Seeds of Hope

By Greg Lecker

On my drive to the Arboretum Saturday morning, I saw a miraculous sight – Canada geese walking on water.  Or so it appeared – their feet were visible under their lightly colored undersides.  Upon closer inspection, I learned the truth.  A thin, clear, but strong layer of ice had formed overnight.  High temperatures in the upper 50s degree Fahrenheit on Thanksgiving morning yielded to a dreary afternoon with incoming cold front, a dusting of snow, and air temperatures dropping below the freezing point.  Last night, the mercury plunged to 10 degrees Fahrenheit, the lowest temperatures since last February.

Adjacent to the main parking lot, a White Cedar reminded me of the promise of rebirth next spring.  Fittingly, the Arborvitae – tree of life – bears seed cones.

White Cedar leaves and Cones

The Learning Center offered numerous opportunities for studying bulbs, another sign of life in a dark season.  Classroom displays presented stations for printing, planting, and even cooking with bulbs – in the form of making garlic toast.  A cross-sectioned hyacinth bulb revealed the secret that a miniature identifiable flower bud already exists deep within the nested leaf scales and protective tunic, awaiting its dramatic appearance next spring.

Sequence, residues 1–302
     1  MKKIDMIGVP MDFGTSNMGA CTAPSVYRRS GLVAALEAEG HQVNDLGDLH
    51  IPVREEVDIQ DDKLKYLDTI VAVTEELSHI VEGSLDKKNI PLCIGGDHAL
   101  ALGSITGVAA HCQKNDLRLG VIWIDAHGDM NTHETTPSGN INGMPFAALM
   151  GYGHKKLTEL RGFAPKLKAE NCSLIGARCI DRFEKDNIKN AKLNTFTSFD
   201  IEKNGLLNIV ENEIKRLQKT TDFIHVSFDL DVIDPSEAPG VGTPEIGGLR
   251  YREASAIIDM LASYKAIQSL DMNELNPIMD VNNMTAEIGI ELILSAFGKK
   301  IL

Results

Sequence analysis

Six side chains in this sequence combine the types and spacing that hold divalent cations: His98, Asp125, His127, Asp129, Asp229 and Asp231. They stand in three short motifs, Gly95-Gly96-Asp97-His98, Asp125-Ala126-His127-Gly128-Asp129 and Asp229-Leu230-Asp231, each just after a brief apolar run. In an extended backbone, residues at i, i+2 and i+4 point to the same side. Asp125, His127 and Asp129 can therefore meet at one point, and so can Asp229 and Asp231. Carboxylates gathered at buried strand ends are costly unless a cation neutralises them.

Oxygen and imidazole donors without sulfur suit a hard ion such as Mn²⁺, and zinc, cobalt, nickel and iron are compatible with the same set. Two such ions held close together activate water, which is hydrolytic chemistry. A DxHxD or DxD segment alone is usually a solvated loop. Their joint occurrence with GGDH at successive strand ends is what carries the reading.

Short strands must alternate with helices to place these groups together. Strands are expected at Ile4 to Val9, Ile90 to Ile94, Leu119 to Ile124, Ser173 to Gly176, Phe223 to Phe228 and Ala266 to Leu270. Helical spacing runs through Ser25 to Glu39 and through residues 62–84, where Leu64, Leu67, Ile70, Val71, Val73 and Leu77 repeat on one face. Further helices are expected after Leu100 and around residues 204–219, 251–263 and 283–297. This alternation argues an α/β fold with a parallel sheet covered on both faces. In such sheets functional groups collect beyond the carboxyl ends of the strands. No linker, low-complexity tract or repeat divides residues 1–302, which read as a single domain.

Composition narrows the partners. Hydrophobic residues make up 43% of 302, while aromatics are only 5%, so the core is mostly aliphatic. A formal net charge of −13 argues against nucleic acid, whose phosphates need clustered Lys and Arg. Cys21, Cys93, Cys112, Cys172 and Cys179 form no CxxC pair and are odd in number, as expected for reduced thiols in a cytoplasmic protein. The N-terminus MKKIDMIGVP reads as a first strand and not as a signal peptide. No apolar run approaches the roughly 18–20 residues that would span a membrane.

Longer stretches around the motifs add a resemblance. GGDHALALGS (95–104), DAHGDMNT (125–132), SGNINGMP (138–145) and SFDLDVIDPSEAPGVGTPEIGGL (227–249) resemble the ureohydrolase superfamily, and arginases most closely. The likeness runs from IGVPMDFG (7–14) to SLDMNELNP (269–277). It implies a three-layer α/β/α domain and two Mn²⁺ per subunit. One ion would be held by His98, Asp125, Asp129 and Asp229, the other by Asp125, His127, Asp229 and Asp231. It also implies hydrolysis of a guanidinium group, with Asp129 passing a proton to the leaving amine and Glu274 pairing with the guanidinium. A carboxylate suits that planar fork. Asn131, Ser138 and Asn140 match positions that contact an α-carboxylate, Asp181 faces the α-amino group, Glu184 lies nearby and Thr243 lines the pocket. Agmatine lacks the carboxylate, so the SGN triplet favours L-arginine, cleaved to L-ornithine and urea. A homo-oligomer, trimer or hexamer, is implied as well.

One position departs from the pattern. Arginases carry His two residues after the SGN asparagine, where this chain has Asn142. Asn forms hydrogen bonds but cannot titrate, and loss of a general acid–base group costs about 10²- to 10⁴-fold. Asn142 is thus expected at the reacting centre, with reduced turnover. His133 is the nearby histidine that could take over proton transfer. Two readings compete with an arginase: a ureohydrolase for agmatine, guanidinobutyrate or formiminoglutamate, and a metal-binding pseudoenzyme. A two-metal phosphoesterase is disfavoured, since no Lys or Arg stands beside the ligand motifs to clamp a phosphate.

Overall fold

Hyacinth Bulb

Outside the Learning Center, Picnic Shelter C stands shuttered until next year.  But atop its green roof wave seed heads of Prairie Dropseed (Sorobolus heteroleis) and Prairie Onion (Allium stellatum) – which is itself a bulb.

Green Roof

The Arboretum’s buildings offer plenty of reasons to visit this holiday season.  Glass enclosed conservatories shelter plants and visitors alike in both the Learning Center and the Arboretum’s Snyder Building.   Certainly, the centerpiece of Oswald’s Great Hall is a twenty-foot-tall tree of live poinsettias.  The Herb Society’s birch-bark ornaments are inspired by Susan Betz’s book Magical Moons and Seasonal Circles.  Fragrance of Fraser Fir wafts through the Great Hall.   Among other sculptures covered in natural materials, a snowman is dusted with sunflower and safflower seeds.

Safflower and Sunflower Snowman

In the Reedy Gallery, outside the MacMillan auditorium, paintings remind us of the autumn colors of the Arboretum’s grounds (on display now through January 31).  Next to the Arboretum restaurant, Jacque Rosenau’s digital paintings allow close-up selections from the Arboretum’s Iris Collection (now through January 14).

Consult the Arboretum calendar for more information on holiday events, times, and locations.  The Saturday I visited, the Chanhassen Dinner Theater and holiday heralders of the Minnesota Chorale sang Christmas carols.  Enjoying art, a musical performance, the Auxiliary sale, or tasty brunch is a great way to warm up after a walking, skiing or snowshoeing tour of the Arboretum grounds.

Greg Lecker is a Minnesota Master Naturalist Volunteer.



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